Wednesday, November 6, 2013

What Is Success?

What Is Success?

This lecture was delivered at the June’s Special Sunday Service on June 9, 2013.


Thank you very much.  Last month we gave gratitude to our mothers, and this month we will have a chance to be grateful to our fathers.  We all have a father and mother, so by being grateful to our parents, we will be able to be successful in our lives.  The second President of Seicho-No-Ie Rev. Seicho Taniguchi wrote: “Being Grateful to Our Parents Cultivates the Root of Life. You have a father and mother who loved you from the bottom of their hearts and raised you from an early age. When we increasingly call to mind the blessings from our parents, are grateful to those blessings and express them in words, we will feel the worth of living and the joy of being born in this world and life power will well forth vigorously from us” (From Open The Doors Of Your Life vol. 1, page 29).

Parents are those who gave us our lives in this world. Since they are the roots of our lives like a tree’s roots and we, like leaves, won’t be prosperous and healthy when we ignore our roots. We owe our lives to our parents. Therefore, we have to be grateful to and express our gratitude to them. Otherwise, we won’t become happy. We should realize that being alive and being happy is different. Without life we won’t be able to become happy. Therefore, we must be grateful that we are alive now. Without our parents we would not have our lives. Everyone who is here right now is alive. Therefore, we all have to express our sincere appreciation to our parents. Father’s Day is a good chance to do so like Mother’s Day.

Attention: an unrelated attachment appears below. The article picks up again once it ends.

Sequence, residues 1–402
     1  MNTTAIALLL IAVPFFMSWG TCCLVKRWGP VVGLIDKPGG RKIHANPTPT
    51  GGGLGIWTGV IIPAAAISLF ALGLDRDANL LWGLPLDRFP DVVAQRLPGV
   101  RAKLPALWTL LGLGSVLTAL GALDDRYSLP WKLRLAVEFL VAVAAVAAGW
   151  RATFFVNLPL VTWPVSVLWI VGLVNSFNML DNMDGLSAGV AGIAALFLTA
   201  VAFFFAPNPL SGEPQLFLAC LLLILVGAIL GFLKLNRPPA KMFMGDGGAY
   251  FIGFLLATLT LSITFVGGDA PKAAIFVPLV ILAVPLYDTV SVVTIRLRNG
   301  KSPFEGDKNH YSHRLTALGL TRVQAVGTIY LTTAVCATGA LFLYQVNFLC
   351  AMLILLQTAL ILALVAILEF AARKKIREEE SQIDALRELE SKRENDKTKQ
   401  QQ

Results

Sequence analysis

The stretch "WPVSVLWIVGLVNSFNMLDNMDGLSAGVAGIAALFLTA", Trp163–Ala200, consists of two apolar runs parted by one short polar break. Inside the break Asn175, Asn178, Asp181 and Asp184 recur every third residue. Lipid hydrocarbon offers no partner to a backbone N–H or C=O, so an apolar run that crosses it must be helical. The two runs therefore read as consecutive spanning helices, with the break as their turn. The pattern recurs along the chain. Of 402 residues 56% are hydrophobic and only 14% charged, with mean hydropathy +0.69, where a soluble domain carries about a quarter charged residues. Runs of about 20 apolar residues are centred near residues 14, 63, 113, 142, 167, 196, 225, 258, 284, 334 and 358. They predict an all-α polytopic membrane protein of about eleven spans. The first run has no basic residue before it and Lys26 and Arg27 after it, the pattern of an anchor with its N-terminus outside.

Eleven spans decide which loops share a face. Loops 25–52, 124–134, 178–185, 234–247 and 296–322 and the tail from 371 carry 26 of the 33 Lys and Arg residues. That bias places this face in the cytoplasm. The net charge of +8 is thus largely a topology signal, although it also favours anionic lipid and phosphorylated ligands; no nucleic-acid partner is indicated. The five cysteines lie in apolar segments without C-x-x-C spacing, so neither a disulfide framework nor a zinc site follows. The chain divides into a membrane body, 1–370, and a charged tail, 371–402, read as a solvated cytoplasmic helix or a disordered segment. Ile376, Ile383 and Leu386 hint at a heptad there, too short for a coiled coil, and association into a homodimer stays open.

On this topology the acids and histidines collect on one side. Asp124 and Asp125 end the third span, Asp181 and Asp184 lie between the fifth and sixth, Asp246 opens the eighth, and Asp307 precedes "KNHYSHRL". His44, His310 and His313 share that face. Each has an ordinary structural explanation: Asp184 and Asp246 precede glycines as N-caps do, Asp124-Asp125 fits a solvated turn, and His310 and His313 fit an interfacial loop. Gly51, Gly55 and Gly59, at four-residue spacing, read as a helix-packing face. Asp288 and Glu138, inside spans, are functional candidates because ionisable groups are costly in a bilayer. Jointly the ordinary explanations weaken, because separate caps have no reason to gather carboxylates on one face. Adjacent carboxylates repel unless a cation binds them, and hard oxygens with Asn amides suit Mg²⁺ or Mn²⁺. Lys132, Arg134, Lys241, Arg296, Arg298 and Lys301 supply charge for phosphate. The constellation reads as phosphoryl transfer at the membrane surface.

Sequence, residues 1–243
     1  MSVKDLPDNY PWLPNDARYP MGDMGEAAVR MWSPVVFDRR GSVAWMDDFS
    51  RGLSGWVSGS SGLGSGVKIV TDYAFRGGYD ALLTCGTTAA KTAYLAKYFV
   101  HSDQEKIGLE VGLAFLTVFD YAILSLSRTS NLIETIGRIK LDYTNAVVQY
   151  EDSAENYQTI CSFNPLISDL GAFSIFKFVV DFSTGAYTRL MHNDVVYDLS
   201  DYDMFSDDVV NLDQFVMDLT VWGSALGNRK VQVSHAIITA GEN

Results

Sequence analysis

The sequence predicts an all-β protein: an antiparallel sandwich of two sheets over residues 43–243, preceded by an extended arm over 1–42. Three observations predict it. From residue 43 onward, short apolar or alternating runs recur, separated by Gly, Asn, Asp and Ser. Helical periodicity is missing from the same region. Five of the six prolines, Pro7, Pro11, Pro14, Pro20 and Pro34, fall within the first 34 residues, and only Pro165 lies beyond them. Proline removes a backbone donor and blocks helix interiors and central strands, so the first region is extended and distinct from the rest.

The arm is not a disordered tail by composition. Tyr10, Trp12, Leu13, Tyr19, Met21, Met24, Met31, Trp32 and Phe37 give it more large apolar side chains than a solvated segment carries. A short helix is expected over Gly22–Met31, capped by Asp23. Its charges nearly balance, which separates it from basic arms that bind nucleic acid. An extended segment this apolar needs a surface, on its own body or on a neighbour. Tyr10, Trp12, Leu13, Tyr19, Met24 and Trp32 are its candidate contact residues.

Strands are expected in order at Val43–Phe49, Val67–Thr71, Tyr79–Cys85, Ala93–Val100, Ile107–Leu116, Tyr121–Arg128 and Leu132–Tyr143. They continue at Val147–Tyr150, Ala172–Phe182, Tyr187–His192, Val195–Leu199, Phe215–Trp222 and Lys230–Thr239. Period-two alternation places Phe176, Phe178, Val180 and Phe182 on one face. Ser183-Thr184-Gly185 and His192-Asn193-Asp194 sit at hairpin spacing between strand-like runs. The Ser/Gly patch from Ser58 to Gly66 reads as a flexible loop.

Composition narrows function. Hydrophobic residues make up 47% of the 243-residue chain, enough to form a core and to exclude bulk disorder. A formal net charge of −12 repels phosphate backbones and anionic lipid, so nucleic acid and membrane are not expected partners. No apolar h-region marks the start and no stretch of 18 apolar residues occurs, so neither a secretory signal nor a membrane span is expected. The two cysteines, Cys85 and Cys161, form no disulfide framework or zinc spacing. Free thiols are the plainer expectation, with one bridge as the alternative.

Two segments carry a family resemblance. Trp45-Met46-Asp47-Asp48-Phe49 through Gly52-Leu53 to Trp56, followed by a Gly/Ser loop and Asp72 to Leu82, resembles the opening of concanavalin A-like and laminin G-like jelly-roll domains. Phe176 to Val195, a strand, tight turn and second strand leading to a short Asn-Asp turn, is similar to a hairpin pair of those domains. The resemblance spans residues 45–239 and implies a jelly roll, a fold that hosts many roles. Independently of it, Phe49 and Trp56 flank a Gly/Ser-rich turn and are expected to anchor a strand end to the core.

The Divine Message of Grand Harmony teaches us that “Those who are grateful to God but cannot be grateful to their parents are against the Divine Will.” Therefore, it is important to be grateful to God for giving us His life, but at the same time we must be grateful to our parents who also gave our lives to us.

My father already passed away, so I need to focus more on expressing my gratitude to my mother in this phenomenal world.  Of course I always read the Holy Sutra to my father every day.  However, in this physical world I can still physically convey my gratitude my mother, so I often write to my mother.  You know, we do not need to spend a lot of money to express our gratitude. The important thing is to express our sincerity

Our success often happens because of our parents, especially our mothers. Recently, I read a book, Remember Who You Are - Life Stories That Inspire the Heart and Mind, by Daisy Wademan. The author studied at Harvard Business School and received an MBA in 2002. While listening to her final class lectures before graduating, she was very moved by her professors’ words. So, she decided to publish these lectures for the general public to enjoy. One of her professor’s lectures described a story of a woman who had selflessly dedicated her entire life to her family, beginning at the age of 14. I believe we can draw many insights about the true meaning of success and how we can achieve success through this story.

Sarah was born on a small farm in a small town in Utah. Her parents owned a small family run farm where she had to spend many hours working as a child. Due to these circumstances, it did not appear that Sarah would have the opportunity for a higher education to better herself as an adult. So, what she achieved in her life was realized by her own talents and hard work. When she started elementary school, she was very fond of reading and would be completely absorbed in reading several books every week. By the time she had reached middle school, she had read all the books in the town library. While she went to school, Sarah also helped on her family farm. She had many talents and skills such as sewing, knitting, patchwork, and so on. She was so smart that she skipped two grades, and she was the valedictorian at her high school graduation ceremony.